Let the music industry sue those who share files, and let Hollywood push for tough laws and regulations to curb movie copying. Playboy, like many companies that provide access to virtual flesh and naughtiness, is turning online freeloaders into subscribers by giving away pictures to other sites that, in turn, drive visitors right back to Playboy.com.
- TV-style adverts arrive on web
Net users may have to get used to watching TV ads between web pages, if trials currently under way on high profile websites are successful. The new video ads are being tested on 15 sites over the next five weeks. They are the result of a collaboration between online ad developers, Unicast, and software giant, Microsoft. But though users may find them annoying, they could ultimately reduce the overall number of web advertisements in the long term. [Ed: interesting reader feedback]
Issue no. 298 - 18 January 2004
- Women put off by gadget shopping
A new generation of tech-savvy women is emerging but they are still being treated like idiots when it comes to selling gadgets, say experts. At the Consumer Electronics Show in Las Vegas, delegates heard that women needed to be treated with respect by the companies selling products like digital cameras or MP3 players. The technology industry is anxious to tap into the female consumer, as women hold the purse strings for more than $50 billion in gadget spending in the US.
Issue no. 296 - 4 January 2004
- US - A wary eye on sites for music sharing
(New York Times)
The last year has seen an explosion of pay music-downloading services. Some have been successes, like Apple's iTunes Music Store, with 1.5 million downloads a week. Others, like BuyMusic, are plagued by complaints from users. But there is another site that has iTunes Music Store and BuyMusic beat: Easy Music Download, which has a greater profit margin than iTunes Music Store and probably a greater percentage of dissatisfied users than BuyMusic.
- UK - Digital radios are Christmas hit
Tens of thousands of digital radios have been sold in the UK in the last few weeks, as retailers find them one of their biggest Christmas hits. The Digital Radio Development Bureau (DRDB) said they were 'absolutely astounded' at sales. A spokeswoman said many retailers were reporting the radios to be their most popular gift, and some could not keep up with demand.
- UK - Family history gets online boost
The full register of every birth, death and marriage in England and Wales since 1837 has been put online to help genealogists trace family ties. The searchable online register brings together data that was previously spread across several different offices and family record centres.
- US - For the Ex-Buccaneer, a Pillage-Free Playlist
(New York Times)
It was time to go legit. No more pirated music for us. We decided to test two services: the iTunes Music Store from Apple Computer, and Rhapsody, from RealNetworks.
Issue no. 294 - 14 December 2003
- CN - Cybererotik in China gefragt
Das SMS-Geschäft in China boomt: Die im Nasdaq ablesbaren Aktienkurse der drei chinesischen Megaportale Sina.com, Sohu.com und Netease.com befinden sich im Höhenflug. Grund dafür sind die hohen Einnahmen aus dem SMS-Geschäft. Mit ihren überaus erfolgreichen SMS-Allianzen haben die großen Service Provider ein 'Erotik-Netz' in nie gekannter Weise in China aufgebaut.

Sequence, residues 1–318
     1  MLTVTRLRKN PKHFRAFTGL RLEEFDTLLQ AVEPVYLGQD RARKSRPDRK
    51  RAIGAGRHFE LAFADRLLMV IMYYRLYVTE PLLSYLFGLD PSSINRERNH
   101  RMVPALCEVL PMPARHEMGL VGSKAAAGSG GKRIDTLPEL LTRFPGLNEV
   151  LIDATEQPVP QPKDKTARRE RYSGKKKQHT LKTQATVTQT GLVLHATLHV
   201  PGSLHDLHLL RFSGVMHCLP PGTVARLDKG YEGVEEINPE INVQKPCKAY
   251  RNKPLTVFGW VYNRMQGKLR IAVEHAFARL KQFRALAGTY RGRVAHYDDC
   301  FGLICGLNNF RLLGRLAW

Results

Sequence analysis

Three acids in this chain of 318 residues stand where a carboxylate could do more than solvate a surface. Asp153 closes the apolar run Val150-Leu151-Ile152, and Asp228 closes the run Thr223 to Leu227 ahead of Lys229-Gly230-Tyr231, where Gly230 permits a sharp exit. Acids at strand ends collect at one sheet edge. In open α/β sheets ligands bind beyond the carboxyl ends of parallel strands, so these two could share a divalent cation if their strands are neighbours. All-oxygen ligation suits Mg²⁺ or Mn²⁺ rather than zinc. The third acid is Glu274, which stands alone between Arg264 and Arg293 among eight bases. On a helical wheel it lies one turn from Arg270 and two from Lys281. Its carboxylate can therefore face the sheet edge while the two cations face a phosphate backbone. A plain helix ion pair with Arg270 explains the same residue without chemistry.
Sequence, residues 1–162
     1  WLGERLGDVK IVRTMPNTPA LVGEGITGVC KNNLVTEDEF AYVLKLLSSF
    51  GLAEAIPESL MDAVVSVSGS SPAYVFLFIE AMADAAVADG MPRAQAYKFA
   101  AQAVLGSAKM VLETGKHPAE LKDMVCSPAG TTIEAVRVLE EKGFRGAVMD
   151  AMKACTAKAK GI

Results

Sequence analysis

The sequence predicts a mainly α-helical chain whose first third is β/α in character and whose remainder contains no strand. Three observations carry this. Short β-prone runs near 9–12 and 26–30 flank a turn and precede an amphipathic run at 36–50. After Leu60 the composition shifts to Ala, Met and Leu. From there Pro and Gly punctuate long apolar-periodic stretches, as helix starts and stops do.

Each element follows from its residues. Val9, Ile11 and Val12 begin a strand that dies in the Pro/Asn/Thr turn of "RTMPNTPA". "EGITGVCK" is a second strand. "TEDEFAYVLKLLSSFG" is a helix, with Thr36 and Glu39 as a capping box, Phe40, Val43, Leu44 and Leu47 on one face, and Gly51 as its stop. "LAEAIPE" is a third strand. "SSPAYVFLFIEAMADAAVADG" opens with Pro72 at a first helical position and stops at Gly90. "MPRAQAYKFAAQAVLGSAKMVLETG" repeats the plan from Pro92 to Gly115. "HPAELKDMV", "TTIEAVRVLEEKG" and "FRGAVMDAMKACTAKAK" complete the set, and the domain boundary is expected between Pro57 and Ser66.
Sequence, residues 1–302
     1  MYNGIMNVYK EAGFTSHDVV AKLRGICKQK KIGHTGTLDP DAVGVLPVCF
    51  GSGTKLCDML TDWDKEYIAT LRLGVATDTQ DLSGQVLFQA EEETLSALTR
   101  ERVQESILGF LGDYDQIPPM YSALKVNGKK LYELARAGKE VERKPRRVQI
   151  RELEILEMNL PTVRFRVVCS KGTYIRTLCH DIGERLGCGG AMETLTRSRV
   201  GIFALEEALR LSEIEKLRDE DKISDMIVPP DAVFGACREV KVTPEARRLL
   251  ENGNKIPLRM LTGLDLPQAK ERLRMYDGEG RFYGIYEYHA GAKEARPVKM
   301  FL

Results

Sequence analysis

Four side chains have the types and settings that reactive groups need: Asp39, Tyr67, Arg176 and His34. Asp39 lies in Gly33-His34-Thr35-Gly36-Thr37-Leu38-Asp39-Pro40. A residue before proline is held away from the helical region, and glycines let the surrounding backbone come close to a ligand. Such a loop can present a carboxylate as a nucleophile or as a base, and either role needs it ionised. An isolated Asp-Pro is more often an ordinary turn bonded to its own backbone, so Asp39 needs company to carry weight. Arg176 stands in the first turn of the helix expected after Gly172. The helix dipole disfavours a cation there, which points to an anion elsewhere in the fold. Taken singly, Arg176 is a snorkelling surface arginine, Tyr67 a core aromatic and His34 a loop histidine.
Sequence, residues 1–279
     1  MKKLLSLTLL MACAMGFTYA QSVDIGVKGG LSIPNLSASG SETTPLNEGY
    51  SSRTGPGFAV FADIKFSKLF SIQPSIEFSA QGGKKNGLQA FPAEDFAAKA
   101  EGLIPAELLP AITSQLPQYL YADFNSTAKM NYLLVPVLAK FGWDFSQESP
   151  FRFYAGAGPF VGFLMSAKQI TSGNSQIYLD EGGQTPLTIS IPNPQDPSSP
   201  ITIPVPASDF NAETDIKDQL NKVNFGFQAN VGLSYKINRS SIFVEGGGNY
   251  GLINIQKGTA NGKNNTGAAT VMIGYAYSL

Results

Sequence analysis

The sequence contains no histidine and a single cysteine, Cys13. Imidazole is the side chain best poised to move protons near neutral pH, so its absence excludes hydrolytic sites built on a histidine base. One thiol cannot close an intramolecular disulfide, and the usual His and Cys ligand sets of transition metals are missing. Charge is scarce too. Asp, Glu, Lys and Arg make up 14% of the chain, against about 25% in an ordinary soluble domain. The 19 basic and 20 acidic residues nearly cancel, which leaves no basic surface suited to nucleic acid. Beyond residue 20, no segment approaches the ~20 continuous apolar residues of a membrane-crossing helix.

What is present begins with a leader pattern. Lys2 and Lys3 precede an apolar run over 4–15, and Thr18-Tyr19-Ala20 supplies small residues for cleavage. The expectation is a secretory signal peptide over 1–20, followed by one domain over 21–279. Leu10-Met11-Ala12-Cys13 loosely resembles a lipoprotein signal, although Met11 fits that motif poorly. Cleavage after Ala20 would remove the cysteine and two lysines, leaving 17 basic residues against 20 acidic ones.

- JenniCam to go dark after 7 years
One of the darlings of the Web and a pioneer of electronic exhibitionism - Jenni of JenniCam fame - is turning off the lights after seven years. Jennifer Ringley, 27, became a quasi-celebrity when she installed video cameras in her room at Dickinson College in Pennsylvania in April 1996 and launched JenniCam.org. Over the years the cameras have followed the redhead's every movement 24 hours a day. Now, her Web site has a notice saying it will be closing on Dec. 31. While Ringley did not provide a reason on the site or respond to an e-mail query, it appears that her undressing may be her undoing. A spokeswoman at online payment company PayPal confirmed that they were closing her account because the frontal nudity on her Web site violates the company's acceptable use policy.
- KR - Computer games - Invaders from the land of broadband
Could South Korea hold the key to the next generation of online computer games?
- UK - Is that a real horse?
An early driving force in the success of digital television has been live sport, and the industry believes the next big driver will be interactive TV betting. A marriage of the two seems to have been made in heaven. But decent live sport is expensive and not easily acquired, so why not make it up? On Sky Digital, a new channel called iSportsTV is now screening the world's first virtual interactive TV horse racing programme. You see the race track, and the crowd, you see the start and the finish, you hear the thundering hooves. And you can gamble to your heart's content. It seems real but it's all made-up: the horses, the stands, the race - it's all created by a fancy computer programme.
Issue no. 293 - 7 December 2003
- Kind of blue
Can porn really be acceptable? A new website thinks it can.
- NL - Erotica to disappear from Dutch TV
Following the lead of commercial television broadcaster SBS, competitor RTL 5 will also abandon its "erotica" programmes, signalling the end to the soft porn era on Dutch free-to-air TV.
- Porn In The U.S.A.
Selling sex is one of the oldest businesses in the world, and right now, business has never been better. One of the biggest cultural changes in the United States over the past 25 years has been the widespread acceptance of sexuality explicit material - pornography. In the space of a generation, a product that once was available in the back alleys of big cities has gone corporate, delivered now directly into homes and hotel rooms by some of the biggest companies in the U.S.